The Jayne Koskinas Ted Giovanis Foundation for Health and Policy (JKTG) announced that findings of important research funded by JKTG and conducted by a Johns Hopkins University research team lead by Robert Ivkov, Ph.D., at the Sidney Kimmel Comprehensive Cancer Center, were recently published in Science Advances.

The groundbreaking research uncovers an anti-cancer immune responses triggered by systemic exposure to nanoparticles, indicating that nanoparticle technology may play an important role in cancer immunotherapy.

“Rob’s work goes beyond traditional research to apply atomic and molecular structure and motion of materials to cancer research,” said Ted Giovanis, founder and president of the JKTG Foundation. “These findings could change how we approach breast cancer treatment, and we applaud Rob and his team for advancing the cancer research paradigm to this new important threshold.”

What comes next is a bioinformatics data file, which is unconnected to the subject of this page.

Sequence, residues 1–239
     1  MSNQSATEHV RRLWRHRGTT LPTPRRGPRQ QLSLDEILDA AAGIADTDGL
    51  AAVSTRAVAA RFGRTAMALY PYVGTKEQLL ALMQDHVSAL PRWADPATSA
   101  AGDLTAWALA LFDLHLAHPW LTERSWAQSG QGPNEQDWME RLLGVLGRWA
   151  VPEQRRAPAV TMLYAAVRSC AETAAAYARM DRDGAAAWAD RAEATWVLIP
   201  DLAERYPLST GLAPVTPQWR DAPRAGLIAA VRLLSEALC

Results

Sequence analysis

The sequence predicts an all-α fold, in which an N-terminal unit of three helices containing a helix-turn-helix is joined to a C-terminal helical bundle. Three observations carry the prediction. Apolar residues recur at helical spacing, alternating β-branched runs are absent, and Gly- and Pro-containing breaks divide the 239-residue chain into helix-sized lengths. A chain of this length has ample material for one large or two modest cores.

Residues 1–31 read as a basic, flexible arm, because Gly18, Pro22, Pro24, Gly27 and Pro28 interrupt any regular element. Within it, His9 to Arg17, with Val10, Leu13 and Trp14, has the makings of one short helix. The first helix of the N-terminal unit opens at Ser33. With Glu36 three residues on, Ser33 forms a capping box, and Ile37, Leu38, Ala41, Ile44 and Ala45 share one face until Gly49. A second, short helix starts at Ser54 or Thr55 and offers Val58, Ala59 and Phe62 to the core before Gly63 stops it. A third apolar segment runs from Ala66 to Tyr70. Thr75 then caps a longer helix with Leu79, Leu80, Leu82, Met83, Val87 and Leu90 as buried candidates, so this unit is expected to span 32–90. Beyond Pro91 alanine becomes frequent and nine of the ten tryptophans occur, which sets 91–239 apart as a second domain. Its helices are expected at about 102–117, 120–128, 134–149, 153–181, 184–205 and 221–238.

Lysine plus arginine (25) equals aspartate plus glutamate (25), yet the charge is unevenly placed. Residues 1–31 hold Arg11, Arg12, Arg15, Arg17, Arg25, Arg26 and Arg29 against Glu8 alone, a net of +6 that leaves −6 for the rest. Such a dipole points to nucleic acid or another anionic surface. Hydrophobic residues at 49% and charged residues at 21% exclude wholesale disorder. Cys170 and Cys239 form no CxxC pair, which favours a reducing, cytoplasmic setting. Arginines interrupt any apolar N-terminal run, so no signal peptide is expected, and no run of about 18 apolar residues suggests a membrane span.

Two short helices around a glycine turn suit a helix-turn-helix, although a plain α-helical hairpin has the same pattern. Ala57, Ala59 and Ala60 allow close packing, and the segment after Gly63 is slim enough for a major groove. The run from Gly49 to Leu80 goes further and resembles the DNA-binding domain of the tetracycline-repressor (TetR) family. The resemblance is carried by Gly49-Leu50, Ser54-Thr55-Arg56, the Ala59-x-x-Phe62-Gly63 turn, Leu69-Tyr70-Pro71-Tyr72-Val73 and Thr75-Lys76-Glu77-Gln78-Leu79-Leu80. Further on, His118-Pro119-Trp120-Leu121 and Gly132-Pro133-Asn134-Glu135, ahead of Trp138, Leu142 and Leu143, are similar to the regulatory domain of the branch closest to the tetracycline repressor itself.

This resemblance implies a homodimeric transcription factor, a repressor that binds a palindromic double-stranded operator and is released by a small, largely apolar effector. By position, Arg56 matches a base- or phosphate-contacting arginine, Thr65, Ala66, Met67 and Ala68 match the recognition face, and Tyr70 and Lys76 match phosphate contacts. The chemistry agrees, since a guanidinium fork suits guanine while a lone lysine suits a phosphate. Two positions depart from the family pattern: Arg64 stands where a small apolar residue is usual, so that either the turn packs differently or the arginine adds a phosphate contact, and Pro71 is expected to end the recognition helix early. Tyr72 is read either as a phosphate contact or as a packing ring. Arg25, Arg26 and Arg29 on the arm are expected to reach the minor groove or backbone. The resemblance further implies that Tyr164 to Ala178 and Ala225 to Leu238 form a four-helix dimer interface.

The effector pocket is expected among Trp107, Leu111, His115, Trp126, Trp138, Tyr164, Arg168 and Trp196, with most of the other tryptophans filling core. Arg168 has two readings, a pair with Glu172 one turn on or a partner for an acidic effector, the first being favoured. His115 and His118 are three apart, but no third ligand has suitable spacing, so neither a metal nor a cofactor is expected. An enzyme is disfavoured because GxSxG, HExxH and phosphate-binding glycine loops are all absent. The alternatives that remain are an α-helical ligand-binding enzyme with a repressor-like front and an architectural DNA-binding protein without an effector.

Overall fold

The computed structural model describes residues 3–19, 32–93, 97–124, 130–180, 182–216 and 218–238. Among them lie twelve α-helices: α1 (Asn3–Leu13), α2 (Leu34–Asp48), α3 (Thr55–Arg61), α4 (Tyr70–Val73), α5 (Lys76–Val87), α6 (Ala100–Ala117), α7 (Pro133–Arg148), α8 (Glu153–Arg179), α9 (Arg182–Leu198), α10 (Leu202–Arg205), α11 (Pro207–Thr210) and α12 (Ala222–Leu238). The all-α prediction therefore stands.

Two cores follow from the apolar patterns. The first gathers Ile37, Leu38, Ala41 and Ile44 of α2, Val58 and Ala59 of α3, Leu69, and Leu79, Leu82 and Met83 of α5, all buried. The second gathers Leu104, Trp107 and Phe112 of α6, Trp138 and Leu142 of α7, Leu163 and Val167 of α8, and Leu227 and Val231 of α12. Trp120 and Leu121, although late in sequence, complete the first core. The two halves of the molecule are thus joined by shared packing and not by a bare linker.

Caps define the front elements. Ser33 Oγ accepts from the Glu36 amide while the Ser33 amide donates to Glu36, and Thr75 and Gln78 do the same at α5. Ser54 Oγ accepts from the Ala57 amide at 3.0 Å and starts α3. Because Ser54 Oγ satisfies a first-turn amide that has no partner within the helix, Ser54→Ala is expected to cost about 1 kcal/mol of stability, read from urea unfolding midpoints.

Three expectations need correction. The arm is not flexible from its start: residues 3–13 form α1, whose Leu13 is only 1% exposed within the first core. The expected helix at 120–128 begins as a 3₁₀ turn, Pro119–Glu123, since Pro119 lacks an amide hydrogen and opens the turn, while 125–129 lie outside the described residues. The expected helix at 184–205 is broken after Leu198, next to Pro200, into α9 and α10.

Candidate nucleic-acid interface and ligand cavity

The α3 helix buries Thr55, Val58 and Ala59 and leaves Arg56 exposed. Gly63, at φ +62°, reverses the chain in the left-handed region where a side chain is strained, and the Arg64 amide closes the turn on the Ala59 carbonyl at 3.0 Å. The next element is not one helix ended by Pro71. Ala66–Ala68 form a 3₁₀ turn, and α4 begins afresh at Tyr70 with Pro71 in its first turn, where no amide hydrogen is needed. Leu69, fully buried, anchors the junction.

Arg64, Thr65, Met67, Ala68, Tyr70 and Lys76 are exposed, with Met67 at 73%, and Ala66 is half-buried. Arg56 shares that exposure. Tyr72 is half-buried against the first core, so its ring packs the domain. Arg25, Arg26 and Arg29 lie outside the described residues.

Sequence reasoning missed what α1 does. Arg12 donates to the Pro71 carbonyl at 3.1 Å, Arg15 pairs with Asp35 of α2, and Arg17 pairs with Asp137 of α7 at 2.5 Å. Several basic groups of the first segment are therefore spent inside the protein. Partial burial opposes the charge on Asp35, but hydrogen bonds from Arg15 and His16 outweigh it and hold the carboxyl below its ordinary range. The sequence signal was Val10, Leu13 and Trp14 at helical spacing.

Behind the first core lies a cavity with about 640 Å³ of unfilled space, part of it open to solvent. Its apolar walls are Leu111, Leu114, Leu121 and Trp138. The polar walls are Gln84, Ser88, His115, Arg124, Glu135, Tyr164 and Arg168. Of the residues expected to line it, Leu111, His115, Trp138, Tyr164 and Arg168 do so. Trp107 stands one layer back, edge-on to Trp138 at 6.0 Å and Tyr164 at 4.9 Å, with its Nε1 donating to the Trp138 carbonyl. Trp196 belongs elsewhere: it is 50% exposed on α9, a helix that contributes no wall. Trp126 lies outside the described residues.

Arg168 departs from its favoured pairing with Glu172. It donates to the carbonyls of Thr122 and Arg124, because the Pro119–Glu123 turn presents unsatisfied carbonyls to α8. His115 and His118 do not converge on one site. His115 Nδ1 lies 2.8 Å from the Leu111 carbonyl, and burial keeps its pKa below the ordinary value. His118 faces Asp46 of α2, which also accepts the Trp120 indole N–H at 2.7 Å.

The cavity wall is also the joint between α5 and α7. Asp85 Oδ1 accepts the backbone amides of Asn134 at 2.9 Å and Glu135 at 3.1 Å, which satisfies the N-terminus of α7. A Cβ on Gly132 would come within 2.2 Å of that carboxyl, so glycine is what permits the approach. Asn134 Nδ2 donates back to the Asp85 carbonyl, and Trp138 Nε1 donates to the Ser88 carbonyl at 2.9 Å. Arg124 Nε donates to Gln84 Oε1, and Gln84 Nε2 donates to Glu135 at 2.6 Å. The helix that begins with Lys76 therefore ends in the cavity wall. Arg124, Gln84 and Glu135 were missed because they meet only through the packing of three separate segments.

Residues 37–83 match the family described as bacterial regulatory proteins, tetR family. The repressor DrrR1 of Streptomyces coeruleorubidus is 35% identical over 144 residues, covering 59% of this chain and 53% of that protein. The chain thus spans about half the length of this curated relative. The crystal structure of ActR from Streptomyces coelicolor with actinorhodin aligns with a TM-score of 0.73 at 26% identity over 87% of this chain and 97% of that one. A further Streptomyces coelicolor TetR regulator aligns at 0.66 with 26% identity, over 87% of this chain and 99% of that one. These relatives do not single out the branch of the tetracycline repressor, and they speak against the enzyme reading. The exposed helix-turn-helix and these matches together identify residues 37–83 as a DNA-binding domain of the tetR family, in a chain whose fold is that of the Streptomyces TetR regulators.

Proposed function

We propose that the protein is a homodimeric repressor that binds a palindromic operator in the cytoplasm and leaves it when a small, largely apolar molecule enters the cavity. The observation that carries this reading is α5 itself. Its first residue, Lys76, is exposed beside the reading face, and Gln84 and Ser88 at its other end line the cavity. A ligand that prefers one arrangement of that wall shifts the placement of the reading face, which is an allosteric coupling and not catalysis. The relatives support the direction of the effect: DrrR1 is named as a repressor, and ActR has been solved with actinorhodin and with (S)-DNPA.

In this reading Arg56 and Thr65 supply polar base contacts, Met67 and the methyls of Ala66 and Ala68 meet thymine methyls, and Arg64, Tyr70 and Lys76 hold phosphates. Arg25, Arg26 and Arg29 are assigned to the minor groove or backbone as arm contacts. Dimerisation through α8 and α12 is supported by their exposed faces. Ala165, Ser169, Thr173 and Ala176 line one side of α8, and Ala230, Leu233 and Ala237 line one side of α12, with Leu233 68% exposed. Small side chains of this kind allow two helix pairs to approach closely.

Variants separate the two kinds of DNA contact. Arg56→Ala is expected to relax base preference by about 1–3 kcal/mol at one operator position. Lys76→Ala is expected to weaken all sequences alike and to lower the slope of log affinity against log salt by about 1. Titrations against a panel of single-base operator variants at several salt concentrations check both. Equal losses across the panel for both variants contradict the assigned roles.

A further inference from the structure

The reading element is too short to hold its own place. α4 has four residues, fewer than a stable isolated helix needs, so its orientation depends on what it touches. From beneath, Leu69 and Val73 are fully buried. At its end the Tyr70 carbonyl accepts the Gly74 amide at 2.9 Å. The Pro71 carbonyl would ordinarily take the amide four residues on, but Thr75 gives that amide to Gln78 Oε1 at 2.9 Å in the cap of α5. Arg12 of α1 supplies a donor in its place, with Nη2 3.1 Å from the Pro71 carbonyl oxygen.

The JKTG Foundation has funded two phases of Ivkov’s research. Initial research looked into the possibilities of developing nanoparticles that could direct the immune system to fight the disease. Specifically, an approach that causes nanoparticles with an antibody attached to bind to cells in tumors then be activated to stimulate immune cells with heat much like a local fever which then attack the cancer cells. The second phase of funding supported the additional research that resulted in these exciting findings.

About the JKTG Foundation
The Jayne Koskinas Ted Giovanis Foundation for Health and Policy (JKTG Foundation) aims to change health care for the better. Funding innovative medical research, data analysis, events and other projects, the Foundation serves as an honest, independent broker of ideas and actions designed to advance both health care and health policy.

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Jayne Koskinas Ted Giovanis
Foundation for Health and Policy

PO Box 130
Highland, Maryland 20777

Media contact: 202.548.0133